End of Season Post-Mortem: Detroit Tigers

The Tigers trudged through the first five months of the season with no guarantee of a playoff berth, after they simply couldn't jump past the White Sox in the AL Central. Finally, they made their move in September and clinched the division, eventually winning the AL pennant (like many imagined they would) before getting completely shut down in the World Series by the Giants. I'm not sure if this season would be considered a success (because they won the pennant) or a failure (because they nearly didn't make the playoffs and then got embarrassed in the World Series), but things could have gone much differently in either direction for the Tigers.

What Went Right: Miguel Cabrera won the AL Triple Crown, and will either be 1 or 1A in AL MVP voting when the award is announced in two weeks. Justin Verlander followed his 2011 AL MVP season with a year that will likely give him a second straight AL Cy Young award. Austin Jackson had another great year in center field for the Tigers, making the leap to the top tier of center fielders in baseball. Prince Fielder "only" hit 30 homers, but walked more than he struck out with a career-best .313 average behind Cabrera in the Tigers lineup. Max Scherzer stayed largely healthy, and his true talent blossomed, striking out 11 hitters per nine innings in 32 starts. Doug Fister and Rick Porcello were varying degrees of solid for the Tigers, and midseason acquisition Anibal Sanchez was great in his 12 starts as a Tiger. Octavio Dotel was awesome in the pen, so much so that the Tigers picked up his option for the 2013 season.

What Went Wrong: Catcher Alex Avila took a major step in the wrong direction, seeing his power fall completely off a cliff in 2012. Shortstop Jhonny Perlata had his BABIP fall by 50 points and all three of his slash stats fall across the board. Second baseman Omar Infante was a massive improvement for the Tigers after his July acquisition, but wasn't as impactful as expected. The team wasted 1100 plate appearances on Delmon Young and Brennan Boesch, with the pair contributing for -2.0 fWAR…by the same token, Young was a big part of the Tigers winning the ALCS over the Yankees. Ryan Raburn and Ramon Santiago were an absolute disaster at second base until Infante arrived, which is why you might be able to qualify his presence as anything but a disappointment. Detroit's bullpen also had its struggles, with Jose Valverde's ERA jumping by a run and a half and Joaquin Benoit allowing 14 homers, or only five fewer than Verlander did in 160 more innings.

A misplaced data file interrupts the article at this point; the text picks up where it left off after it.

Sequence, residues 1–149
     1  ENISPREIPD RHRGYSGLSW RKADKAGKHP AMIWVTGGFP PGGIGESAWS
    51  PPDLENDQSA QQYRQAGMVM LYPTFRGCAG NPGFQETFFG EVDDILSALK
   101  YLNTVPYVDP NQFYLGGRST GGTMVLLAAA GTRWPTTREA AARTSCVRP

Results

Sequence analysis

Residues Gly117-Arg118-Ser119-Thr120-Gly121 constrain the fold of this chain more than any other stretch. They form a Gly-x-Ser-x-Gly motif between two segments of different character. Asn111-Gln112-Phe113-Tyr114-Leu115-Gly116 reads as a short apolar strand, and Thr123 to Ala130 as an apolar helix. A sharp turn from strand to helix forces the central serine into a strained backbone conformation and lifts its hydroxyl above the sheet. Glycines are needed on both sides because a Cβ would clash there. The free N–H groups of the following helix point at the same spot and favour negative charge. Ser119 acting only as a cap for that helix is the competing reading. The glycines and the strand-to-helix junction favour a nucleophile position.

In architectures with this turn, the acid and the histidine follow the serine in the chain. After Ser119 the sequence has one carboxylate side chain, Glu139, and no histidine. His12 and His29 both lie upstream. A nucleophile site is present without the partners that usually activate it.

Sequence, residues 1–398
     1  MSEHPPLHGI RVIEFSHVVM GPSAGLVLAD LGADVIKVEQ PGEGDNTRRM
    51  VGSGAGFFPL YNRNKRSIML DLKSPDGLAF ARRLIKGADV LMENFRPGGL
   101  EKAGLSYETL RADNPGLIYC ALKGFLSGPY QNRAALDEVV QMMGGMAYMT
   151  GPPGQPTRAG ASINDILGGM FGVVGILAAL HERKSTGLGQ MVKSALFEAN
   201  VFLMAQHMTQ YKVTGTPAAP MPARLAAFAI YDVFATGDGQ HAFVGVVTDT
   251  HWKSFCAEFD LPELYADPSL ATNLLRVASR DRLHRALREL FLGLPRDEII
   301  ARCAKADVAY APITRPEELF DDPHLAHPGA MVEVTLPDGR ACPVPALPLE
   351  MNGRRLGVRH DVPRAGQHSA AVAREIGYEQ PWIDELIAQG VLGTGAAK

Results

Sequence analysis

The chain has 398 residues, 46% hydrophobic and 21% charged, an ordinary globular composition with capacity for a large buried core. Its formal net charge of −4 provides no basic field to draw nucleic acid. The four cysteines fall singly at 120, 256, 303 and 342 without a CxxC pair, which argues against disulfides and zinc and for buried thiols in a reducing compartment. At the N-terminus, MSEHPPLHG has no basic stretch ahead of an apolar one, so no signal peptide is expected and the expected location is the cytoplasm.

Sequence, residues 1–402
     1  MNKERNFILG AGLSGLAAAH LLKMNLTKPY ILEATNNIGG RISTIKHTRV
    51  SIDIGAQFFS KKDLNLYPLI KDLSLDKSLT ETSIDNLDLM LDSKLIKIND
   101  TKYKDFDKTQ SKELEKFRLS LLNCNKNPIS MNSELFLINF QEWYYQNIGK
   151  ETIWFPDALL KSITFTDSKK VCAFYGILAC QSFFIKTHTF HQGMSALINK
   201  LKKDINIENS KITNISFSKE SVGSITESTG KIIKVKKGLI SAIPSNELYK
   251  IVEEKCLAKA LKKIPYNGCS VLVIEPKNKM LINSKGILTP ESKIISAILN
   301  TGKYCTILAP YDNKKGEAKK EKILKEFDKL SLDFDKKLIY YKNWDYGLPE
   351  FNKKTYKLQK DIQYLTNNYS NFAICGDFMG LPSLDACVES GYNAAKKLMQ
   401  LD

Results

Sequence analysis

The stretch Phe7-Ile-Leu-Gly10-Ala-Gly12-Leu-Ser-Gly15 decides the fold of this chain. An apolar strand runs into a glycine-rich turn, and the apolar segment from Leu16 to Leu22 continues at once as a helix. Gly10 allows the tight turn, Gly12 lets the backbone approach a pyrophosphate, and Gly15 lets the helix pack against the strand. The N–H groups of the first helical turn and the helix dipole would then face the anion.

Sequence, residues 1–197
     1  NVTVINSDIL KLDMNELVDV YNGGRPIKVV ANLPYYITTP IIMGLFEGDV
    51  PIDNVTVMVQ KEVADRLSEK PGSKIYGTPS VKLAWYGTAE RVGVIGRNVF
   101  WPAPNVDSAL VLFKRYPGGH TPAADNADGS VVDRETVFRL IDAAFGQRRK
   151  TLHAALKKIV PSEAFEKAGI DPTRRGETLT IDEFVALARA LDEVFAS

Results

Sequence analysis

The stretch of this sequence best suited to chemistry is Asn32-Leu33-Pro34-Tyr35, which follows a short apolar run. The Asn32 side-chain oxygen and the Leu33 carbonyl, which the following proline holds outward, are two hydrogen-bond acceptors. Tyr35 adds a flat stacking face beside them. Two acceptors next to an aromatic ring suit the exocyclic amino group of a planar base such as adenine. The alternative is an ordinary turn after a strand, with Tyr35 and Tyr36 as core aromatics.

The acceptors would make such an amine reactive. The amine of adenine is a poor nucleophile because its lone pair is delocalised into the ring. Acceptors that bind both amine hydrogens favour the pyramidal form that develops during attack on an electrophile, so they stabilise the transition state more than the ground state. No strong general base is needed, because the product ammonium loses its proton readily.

Most Surprising Player: We all knew Max Scherzer was good, but this was the first year where he was truly great. Scherzer struck out 11.08 batters per nine innings and posted a 3.85 strikeout to walk ratio, both of which were far and away career bests. Scherzer still had problems with homers and had a pretty low groundball rate, but with strikeout and walk rates like what Scherzer possessed this year, you can survive.

Most Disappointing Player: I think I'm going to go with Brennan Boesch, and not beacuse I expected him to be some sort of monster for the Tigers this season. Boesch had a 1.7 fWAR season last year, which is fine…it's not great, but it's fine. In 2012, his fWAR fell by three wins while his BABIP fell by just 30 points, his walk rate fell by two full percent, and his strikeout rate jumped by three full percent. Boesch's defense also reverted to its disastrous 2010 level after a solid enough 2011. He didn't even make the playoff roster, losing his spot to 21-year old rookie Avisail Garcia, who ahd just 51 plate appearances in the majors during the regular season. I mean….lord.

Prospects Up: 20-year old third baseman Nick Castellanos beat the cover off of the ball in high-A, but struggled in AA after a midseason promotion. Drew Smyly had a solid year as the team's fifth starter after being drafted in the second round of 2010's draft. Avisail Garcia moved quickly through the system and was on Detroit's playoff roster, despite questionable plate discipline in the minors.

Prospects Down: Jacob Turner struggled all season, and was eventually shipped off to the Marlins as part of the Sanchez/Infante trade along with highly-touted catcher Rob Brantly. Casey Crosby struggled with his control in AAA, and got obliterated in three starts in the majors. Andy Oliver's control was completely lost in AAA. 

The Future: Detroit's 2013 season will be very similar to 2012. The team's most significant free agents are Valverde and Sanchez, and both can be replaced in the free agent market this offseason. They still have a hell of a core together, and Victor Martinez will be back next season to hopefully make their offense even more scary after a slightly disappointing output this season.

Joe Lucia

About Joe Lucia

I'm the managing editor of Awful Announcing and the news editor of The Comeback. I also made The Outside Corner a thing for six seasons.